Hosey McCoy (Lynching of)
On March 9, 1902, an African American man named Hosey McCoy was lynched in Little River County for allegedly having raped a white woman.
A relatively detailed account of the event was published in the March 13, 1902, edition of the Fort Smith Times. This account relied upon “authentic advices” received at Texarkana (Miller County) from New Rocky Comfort—now Foreman (Little River County)—on the morning of March 10 and later transmitted onward. According to this account, the woman “criminally assaulted” was one “Mrs. John Lemon, a white woman and wife of a drummer.” This was perhaps Dora Lemons, age twenty-two, who is listed in the 1900 census as the wife of a John Lemons of Little River County, age twenty-nine, whose occupation was listed as salesman (a drummer was a particular kind of salesman). Her alleged assailant was named in the Fort Smith Times as Hosey McCoy, described as “a railroad hand from Ozan.” There was a large Black family of McCoys living in Ozan (Hempstead County) on the 1900 census, but none were named Hosey or any similar variation, such as Hosea.
According to the account in the Fort Smith Times, on March 9 at around noon, Lemon was walking along the railroad tracks to visit a neighbor when McCoy “seized the woman and dragged her into the woods and criminally assaulted her.” She was found at about 4:00 p.m., still unconscious, but she had reportedly, while being dragged away, torn off bits of her clothing, creating a path for the eventual search party. The paper reports, “The neighborhood was at once scoured for the negro,” without explaining how suspicion had fallen upon McCoy. A man named Thomas Donohoe found him, and he was captured.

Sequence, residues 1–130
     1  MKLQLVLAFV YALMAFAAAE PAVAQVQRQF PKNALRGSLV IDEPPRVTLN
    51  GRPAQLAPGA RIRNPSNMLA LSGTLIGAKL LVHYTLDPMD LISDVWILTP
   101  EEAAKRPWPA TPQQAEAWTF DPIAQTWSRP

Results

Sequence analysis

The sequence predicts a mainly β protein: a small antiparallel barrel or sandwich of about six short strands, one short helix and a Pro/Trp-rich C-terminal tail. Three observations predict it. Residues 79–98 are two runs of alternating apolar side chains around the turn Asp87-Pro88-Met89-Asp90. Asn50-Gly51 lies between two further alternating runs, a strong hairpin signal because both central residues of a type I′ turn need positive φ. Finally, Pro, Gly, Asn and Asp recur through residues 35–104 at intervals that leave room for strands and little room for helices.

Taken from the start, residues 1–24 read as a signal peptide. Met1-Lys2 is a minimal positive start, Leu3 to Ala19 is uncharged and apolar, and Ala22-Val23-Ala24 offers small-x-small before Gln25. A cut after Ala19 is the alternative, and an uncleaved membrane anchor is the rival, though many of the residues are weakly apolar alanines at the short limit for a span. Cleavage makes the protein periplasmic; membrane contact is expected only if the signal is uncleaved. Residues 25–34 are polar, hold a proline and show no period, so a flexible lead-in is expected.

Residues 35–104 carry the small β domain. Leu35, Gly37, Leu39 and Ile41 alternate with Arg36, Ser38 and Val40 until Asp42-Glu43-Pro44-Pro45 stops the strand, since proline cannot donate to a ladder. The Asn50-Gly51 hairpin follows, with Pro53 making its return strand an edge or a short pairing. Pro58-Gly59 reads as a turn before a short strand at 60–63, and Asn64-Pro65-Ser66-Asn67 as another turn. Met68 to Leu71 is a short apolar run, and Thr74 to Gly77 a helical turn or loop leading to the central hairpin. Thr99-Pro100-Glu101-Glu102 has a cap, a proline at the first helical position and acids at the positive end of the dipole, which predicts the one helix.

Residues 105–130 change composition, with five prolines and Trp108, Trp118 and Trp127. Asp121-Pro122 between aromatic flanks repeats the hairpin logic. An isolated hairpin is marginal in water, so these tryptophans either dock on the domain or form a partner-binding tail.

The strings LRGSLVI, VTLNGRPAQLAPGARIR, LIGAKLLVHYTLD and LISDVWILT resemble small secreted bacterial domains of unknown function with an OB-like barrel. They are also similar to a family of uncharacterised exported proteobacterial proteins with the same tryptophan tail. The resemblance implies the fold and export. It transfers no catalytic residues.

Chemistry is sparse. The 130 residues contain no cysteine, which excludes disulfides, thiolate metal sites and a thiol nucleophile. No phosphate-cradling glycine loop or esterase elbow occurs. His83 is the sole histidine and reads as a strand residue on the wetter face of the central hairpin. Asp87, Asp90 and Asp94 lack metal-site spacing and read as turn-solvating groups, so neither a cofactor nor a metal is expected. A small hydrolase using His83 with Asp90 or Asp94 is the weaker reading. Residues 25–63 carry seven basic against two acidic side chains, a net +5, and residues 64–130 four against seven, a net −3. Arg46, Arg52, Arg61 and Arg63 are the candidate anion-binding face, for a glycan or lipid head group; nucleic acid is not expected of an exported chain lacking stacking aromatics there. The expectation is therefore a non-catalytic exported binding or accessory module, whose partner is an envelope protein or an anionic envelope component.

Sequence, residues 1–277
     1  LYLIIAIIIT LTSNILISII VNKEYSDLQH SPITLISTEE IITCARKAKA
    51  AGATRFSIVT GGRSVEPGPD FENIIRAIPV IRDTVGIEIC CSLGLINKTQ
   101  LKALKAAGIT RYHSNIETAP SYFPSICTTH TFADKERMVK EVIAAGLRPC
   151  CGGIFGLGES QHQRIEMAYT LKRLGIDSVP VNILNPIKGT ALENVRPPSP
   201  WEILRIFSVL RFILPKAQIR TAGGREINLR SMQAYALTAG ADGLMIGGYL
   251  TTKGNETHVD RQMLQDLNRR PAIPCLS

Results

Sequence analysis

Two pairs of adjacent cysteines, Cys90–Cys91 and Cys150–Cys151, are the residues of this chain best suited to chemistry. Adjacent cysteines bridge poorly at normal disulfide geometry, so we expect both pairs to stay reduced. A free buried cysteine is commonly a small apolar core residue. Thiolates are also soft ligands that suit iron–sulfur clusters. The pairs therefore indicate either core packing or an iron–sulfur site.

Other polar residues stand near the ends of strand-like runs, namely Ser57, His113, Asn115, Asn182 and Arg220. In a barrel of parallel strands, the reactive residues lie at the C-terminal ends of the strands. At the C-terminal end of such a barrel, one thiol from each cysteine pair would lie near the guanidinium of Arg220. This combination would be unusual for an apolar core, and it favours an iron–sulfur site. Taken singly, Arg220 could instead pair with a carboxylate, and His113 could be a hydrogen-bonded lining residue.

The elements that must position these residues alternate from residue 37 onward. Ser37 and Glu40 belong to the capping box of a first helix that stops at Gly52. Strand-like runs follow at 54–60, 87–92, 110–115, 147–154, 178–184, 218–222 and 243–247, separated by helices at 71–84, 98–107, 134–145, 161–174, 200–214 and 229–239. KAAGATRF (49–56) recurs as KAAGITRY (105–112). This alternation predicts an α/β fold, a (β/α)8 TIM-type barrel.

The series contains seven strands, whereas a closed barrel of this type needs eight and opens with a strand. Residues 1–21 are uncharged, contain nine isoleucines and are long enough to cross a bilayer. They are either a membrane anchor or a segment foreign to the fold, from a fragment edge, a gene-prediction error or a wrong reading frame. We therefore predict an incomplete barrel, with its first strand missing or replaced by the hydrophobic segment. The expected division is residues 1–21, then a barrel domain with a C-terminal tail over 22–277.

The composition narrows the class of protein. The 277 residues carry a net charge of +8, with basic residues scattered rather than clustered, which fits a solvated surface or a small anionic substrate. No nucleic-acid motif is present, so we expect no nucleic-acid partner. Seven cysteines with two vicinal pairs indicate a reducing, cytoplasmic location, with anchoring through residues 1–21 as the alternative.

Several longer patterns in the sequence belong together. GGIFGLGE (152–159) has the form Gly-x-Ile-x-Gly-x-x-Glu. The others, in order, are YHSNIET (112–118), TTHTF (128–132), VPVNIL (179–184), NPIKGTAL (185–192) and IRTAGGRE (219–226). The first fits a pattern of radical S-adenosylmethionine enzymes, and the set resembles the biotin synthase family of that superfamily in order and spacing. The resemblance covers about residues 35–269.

At about 11:00 at night, a mob of approximately 250 white men took McCoy to the edge of town (apparently New Rocky Comfort), where he was “positively identified by his victim, and was then hung to the limb of a tree.” In keeping with the tropes of many lynching reports, the paper reported, “There was no shooting, the lynchers quietly doing their work.” McCoy was left to hang for an hour and “was then cut down, and the body was turned over to the members of his own race.”
However, according to a report published in the Arkansas Gazette, the lynching victim was named Horid McCoy. The accounts of his crime differ, too. First, he allegedly assaulted “a negress,” whose name is not given, around 3:30 p.m. on March 9. She experienced cuts “about the head and shoulders” but managed to get away. Then he came upon “Mrs. John Lemons” and cut her “about the head, neck and shoulders.” The crime of rape is not specified. The Gazette also claims of McCoy: “Little is known of the mob’s victim or of his antecedents. He appears to have been a stranger in this vicinage.”
Another variation upon the story was published much later in the Osceola Times, which also reported that McCoy had assaulted two women, the first African American and the second white, and that he only seriously injured the latter; before he was hanged, he was presented to both victims, who identified him.
For additional information:
“Little River Lynching.” Fort Smith Times, March 13, 1902, p. 4.
“Negro Lynched Near Foreman.” Arkansas Gazette, March 11, 1902, p. 1.
“Negro Mobbed at Foreman.” Osceola Times, March 22, 1902, p. 3.
Staff of the CALS Encyclopedia of Arkansas
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